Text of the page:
Books by Philip Dray

THE FAIR CHASE by Philip Dray
Released: May 1, 2018

"While steering clear of taking sides in the matter of recreational hunting, Dray provides a lively history that can be enjoyed by hunters and conservationists alike."
A revealing history of recreational hunting in America and the numerous social and political complexities involved. Read full book review >
Released: Sept. 14, 2010

"In the end, Dray's account is evenhanded—not all bosses are bad, not all activists good—but it is clear where his sympathies lie, especially in his prescriptions for a renewed international labor movement for the future."
Exemplary history of the American labor movement, from its time-shrouded beginnings to its murky present. Read full book review >
Released: Sept. 16, 2008

"A welcome addition to the literature of the Civil War and Reconstruction Era, and important for students of the civil-rights movement and its origins."
Impeccably written study of the brief post-Civil War period in which African-Americans were admitted to Congress—with the door subsequently closed to them for the next century. Read full book review >
Released: Feb. 1, 2008

The author of an adult study of the history of lynching addresses a younger audience in this stirring tribute to an African-American journalist who, more than any other single figure, is associated with bringing the despicable practice to an end. Read full book review >
Released: Aug. 9, 2005

"Very little that shocks or illuminates. (Illustrated throughout)"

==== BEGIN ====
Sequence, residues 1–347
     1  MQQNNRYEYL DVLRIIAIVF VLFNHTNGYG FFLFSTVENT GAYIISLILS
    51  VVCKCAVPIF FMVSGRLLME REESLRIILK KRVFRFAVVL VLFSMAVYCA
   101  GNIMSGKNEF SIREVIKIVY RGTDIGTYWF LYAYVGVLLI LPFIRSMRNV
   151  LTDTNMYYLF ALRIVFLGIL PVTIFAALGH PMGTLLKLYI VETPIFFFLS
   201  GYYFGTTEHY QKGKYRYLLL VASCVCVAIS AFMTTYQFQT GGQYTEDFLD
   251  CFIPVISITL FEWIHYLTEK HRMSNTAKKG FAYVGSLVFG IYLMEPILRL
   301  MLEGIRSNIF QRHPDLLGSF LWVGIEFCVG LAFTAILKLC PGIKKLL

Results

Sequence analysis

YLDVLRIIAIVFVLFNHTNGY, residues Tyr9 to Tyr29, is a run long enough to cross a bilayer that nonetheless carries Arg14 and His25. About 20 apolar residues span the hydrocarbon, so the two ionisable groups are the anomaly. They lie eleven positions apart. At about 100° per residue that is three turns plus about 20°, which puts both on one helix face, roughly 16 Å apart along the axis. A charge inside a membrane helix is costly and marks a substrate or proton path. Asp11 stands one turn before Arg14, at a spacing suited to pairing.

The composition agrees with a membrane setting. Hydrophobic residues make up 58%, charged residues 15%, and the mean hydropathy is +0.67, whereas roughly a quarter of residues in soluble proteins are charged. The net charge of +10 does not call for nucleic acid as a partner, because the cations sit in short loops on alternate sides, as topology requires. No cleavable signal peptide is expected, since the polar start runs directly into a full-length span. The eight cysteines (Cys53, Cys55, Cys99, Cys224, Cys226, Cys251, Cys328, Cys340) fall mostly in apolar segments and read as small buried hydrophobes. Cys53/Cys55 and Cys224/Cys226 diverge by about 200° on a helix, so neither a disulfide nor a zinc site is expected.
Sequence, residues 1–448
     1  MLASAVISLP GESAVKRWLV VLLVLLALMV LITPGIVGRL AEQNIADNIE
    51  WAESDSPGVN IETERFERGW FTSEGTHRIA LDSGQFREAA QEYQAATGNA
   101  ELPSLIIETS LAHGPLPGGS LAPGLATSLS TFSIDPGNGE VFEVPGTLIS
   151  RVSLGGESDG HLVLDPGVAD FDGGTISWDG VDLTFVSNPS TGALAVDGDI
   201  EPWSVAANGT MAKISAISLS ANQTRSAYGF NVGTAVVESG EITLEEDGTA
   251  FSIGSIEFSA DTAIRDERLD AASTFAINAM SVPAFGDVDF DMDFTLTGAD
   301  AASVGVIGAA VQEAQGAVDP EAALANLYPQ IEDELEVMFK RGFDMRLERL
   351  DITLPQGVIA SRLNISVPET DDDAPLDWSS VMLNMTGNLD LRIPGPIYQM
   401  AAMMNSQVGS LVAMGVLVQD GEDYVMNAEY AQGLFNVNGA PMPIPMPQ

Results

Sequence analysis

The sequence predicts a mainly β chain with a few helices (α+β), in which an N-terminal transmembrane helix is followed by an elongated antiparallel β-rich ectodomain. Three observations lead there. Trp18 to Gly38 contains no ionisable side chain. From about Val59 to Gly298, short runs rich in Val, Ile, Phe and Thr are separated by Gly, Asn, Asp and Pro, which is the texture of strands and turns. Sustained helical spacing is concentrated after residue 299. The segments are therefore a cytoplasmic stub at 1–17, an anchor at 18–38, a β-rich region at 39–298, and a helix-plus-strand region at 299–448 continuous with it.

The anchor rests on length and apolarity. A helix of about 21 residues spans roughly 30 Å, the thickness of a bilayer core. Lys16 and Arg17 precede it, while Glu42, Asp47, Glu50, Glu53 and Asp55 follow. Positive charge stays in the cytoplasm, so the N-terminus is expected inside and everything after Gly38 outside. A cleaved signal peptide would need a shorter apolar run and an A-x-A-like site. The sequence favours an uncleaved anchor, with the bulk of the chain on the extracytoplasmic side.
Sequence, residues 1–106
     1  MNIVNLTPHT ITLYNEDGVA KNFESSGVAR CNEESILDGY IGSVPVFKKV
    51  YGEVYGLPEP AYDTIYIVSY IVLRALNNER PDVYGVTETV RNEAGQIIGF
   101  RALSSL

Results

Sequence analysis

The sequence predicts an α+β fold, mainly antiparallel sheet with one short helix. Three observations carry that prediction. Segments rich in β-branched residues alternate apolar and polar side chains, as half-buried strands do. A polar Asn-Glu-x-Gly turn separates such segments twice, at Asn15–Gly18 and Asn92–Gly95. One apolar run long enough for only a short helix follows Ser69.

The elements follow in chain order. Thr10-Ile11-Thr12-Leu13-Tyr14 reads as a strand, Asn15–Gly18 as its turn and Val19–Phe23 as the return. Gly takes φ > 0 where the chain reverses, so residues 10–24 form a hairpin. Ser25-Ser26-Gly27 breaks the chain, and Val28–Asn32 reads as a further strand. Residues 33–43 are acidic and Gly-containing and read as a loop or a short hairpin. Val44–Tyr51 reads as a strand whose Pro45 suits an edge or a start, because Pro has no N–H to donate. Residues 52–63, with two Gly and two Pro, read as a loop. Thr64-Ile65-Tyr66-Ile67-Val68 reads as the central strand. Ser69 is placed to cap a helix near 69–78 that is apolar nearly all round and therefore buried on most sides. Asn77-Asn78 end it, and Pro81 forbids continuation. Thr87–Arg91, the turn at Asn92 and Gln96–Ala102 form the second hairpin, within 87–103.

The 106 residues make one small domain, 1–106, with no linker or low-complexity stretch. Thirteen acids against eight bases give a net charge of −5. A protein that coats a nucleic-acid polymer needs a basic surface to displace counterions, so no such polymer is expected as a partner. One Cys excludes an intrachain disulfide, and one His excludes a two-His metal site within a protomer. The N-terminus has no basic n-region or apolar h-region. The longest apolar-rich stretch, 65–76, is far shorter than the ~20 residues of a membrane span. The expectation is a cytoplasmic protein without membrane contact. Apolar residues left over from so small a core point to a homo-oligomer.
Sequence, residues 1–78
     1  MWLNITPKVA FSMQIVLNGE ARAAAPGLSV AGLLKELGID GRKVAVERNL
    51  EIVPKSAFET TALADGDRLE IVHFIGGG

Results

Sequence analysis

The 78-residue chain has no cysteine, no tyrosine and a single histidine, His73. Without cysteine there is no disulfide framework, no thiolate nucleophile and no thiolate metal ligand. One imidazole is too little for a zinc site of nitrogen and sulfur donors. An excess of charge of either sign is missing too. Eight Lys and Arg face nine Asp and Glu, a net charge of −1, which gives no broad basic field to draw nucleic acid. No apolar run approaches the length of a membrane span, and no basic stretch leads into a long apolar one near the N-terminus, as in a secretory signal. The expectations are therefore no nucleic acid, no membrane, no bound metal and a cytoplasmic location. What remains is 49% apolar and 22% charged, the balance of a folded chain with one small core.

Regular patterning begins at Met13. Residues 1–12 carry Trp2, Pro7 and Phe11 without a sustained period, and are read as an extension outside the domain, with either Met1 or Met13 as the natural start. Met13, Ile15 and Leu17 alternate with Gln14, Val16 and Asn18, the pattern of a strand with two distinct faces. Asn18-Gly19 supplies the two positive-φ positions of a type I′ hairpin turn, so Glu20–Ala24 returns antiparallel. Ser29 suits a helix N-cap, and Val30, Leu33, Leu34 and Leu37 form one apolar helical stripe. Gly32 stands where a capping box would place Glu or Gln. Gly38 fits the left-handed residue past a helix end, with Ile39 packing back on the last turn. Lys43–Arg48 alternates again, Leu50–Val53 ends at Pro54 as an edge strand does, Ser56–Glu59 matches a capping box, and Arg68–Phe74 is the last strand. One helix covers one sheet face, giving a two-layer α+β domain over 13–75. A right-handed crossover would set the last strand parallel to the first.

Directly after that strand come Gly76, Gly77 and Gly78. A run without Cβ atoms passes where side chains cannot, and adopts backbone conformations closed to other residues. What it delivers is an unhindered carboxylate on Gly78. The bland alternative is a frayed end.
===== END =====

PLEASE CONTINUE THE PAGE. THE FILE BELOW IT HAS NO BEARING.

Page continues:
Yes, he actually flew that kite, and his greatest invention, the lightning rod, occasioned great debates about humankind's audacious interference with God's judgments. Read full book review >
Released: Jan. 22, 2002

"This is history most fundamental, the kind that forces us to ponder the very nature of humanity."
The ghastly story of lynching, by the coauthor of We Are Not Afraid: The Story of Goodman, Schwerner, Chaney, and the Civil Rights Campaign for Mississippi. Read full book review >
Released: May 1, 1993

"At once fascinating and horrifying: a timely study of one scientific advance that proved to be a decidedly mixed blessing. (Eight pages of b&w photographs—not seen)"
Shifting from civil-rights history (We Are Not Afraid, 1988) to an especially tragic path of 20th-century progress, Cagin and Dray offer a well-written, devastatingly detailed chronicle of the widespread use of CFCs over more than 60 years. Read full book review >